1926 - 1934 | 1935 - 1949  1950 - 1958 | 1959 - 1969 |  1970 - 1976
     It was 2am on a cold and wintry 13th of December in 1926 when electronics wizard John Stroebel threw the switch that sent power surging through the tiny, home built 50 watt transmitter set up in the basement of his Wheeling, West Virginia home. Upstairs, from theStroebel parlor, that first WWVA broadcast crackled triumphantly over the air waves, while crystal set owners patiently endured noisy static to listen to that initial history making radio transmission. 
     Only one week earlier, on December 6, 1926 the Federal Radio Commission had granted WWVA its first broadcast license on 860 kilocycles. During those blossoming years of WWVA radio, broadcasting hours were 7 am to midnight, with listeners being treated to contemporary (twenties style) music, informal announcements and musical offerings from local amateur groups. 
     During 1927, WWVA was granted 2 power increases to 100 watts, the 250 watts, a boost in power that drew mail from a listener in Palisade Nevada, testifying that he had heard the station some 1800 miles away. 
     On November 1, 1927 power was doubled to 500 watts making WWVA one of the strongest stations then on the air, operating on 580 kilocycles. By this time, the station had established its first regular broadcasting studios in the Fidelity Investment building in Wheeling.
      January 15, 1928 WWVA carried its first commercial advertisement, that of Cooey-Bentz Company. Wireless pioneer John Stroebel was widely recognized as a radio and electronics whiz.
     By mid 1928, with WWVA firmly established as a fully fledged and growing radio station, Stroebel ‘lost interest’ in his brain child, sold it for $50.000.00 to the Fidelity Investment Associated of wheeling and embarked on a tramp steamer journey across the world.
     As the decade of the twenties drew to a close, WWVA, on November 25 1928 moved to 1160 k.c. As assigned by the Federal Radio Commission. A new broadcast license was issued to the station on July 1, 1929 and WWVA increased power to 5000 watts.
     Fidelity Investment Associates’ ownership of WWVA was short-lived and the station was sold to West Virginia Broadcasting Corporation who, on August 9, 1930, petitioned the Federal Radio Commission for permission to move the studio to the Daniel Boone Hotel in Charleston, West Virginia. This move was strongly & successfully opposed by Charleston station WOBU, (now WCHS). WWVA remained in its hometown and on March 19, 1931was bought by Storer Broadcasting Company.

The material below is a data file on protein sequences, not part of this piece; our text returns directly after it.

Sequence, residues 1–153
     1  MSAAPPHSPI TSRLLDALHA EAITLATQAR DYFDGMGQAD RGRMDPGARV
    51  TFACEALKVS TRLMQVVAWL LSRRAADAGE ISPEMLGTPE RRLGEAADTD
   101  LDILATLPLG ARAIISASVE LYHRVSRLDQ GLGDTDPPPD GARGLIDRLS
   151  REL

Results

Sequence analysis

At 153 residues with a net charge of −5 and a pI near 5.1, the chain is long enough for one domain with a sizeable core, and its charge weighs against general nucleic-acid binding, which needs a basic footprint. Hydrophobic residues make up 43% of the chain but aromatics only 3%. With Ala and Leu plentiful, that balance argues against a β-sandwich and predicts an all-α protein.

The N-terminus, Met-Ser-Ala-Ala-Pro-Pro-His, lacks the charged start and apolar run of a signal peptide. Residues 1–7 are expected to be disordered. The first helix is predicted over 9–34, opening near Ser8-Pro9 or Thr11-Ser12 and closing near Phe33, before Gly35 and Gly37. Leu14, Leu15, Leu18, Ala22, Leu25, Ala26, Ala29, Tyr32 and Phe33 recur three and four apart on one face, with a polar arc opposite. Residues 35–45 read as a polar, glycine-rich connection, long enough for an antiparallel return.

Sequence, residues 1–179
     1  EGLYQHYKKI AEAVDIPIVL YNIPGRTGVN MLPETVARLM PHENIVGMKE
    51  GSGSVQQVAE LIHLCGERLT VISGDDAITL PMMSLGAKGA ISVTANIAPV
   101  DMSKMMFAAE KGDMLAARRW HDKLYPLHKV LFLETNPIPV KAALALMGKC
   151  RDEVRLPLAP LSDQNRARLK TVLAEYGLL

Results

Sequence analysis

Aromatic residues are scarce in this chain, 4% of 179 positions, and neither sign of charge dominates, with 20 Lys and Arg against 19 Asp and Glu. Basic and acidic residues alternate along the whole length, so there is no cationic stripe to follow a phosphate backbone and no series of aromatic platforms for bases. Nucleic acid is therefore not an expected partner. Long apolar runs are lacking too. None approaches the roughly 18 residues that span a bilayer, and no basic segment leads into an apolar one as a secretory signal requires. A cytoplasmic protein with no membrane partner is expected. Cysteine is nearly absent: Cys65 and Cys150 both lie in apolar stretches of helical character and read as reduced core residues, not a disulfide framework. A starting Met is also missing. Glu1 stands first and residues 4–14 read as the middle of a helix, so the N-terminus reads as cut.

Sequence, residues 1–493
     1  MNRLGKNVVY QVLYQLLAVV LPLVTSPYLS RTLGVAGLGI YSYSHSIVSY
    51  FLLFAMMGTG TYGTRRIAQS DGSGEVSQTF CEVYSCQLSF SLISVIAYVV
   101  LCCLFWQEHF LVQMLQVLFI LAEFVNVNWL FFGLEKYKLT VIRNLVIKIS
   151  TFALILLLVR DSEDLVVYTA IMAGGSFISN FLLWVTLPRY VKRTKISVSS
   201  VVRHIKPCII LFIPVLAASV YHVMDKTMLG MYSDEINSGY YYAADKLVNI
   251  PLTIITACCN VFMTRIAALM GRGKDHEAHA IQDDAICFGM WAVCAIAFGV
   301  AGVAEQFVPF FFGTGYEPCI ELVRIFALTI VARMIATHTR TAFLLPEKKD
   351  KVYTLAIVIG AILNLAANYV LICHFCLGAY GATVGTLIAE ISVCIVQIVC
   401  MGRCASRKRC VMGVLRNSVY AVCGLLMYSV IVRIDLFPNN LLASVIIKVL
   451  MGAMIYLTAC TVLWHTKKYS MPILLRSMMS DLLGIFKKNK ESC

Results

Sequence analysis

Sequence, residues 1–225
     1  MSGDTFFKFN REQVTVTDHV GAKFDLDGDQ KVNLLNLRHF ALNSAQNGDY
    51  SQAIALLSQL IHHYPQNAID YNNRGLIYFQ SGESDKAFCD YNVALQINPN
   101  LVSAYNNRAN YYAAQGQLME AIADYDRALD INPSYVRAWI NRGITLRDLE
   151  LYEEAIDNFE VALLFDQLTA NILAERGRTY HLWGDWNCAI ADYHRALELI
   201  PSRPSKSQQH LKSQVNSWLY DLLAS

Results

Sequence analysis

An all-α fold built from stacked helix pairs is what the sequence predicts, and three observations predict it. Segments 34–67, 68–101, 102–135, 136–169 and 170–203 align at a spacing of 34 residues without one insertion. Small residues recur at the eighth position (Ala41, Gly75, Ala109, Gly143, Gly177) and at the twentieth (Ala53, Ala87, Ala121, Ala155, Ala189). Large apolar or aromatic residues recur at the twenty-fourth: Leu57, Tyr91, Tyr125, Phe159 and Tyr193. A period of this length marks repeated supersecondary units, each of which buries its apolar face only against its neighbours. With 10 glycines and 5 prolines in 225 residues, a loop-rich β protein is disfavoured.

On May 29, 1931, WWVA went "Network" with CBS radio and dedicated new, modern studios and offices in Wheeling’s downtown Hawley Builds. On May 20, 1933, the transmitter was moved to Avalon, near West Liberty, the highest spot in Ohio County, W. Va. 
     In January 1933, with George W. Smith managing director of the 5000-watt station, the idea was conceived to program something special for the late night Saturday night listeners. A program of country style music was put together, using local talent; the show was called a "Jamboree" with Howard Donohoe as announcer. At 11pm that January 7th, direct from theWWVA studios in Hawley Building and a little over 6 years after John Stroebel’s first home broadcast, country music history was made when the WWVA Jamboree went on the air for the first time. WWVA received and overwhelmingly favorable response and for 3 months regular Saturday night Jamboree broadcasts were aired.
      In response to the publics demand to see their musical favorites in person, WWVA moved the Jamboree show to the Capitol Theatre, where it opened that first day of April, 1933 to an eager audience of 3,266 people, with still another thousand turned away from the "full house"
     February 2nd 1933, 2 steel towers, 225 feet high, were erected at the West Liberty transmitter site.
      On October 13, 1934 the first Jamboree Harvest Home Festival was held in the Capitol Theatre before a capacity audience, while many more were turned away from the crowded theatre.
      During the mid 30's the Air Castle Ballroom opened, offering Saturday night dancing to the music of WWVA orchestra featuring Paul Meyers and Earl Summer, Jr. Prior to the opening of the Air Castle, public dances were held at Wheeling Park on Tuesdays, Thursdays and Saturday evenings during the summer months. From here WWVA aired its first remote broadcast.
1926 - 1934 | 1935 - 1949 | 1950 - 1958 | 1959 - 1969 | 1970 - 1976

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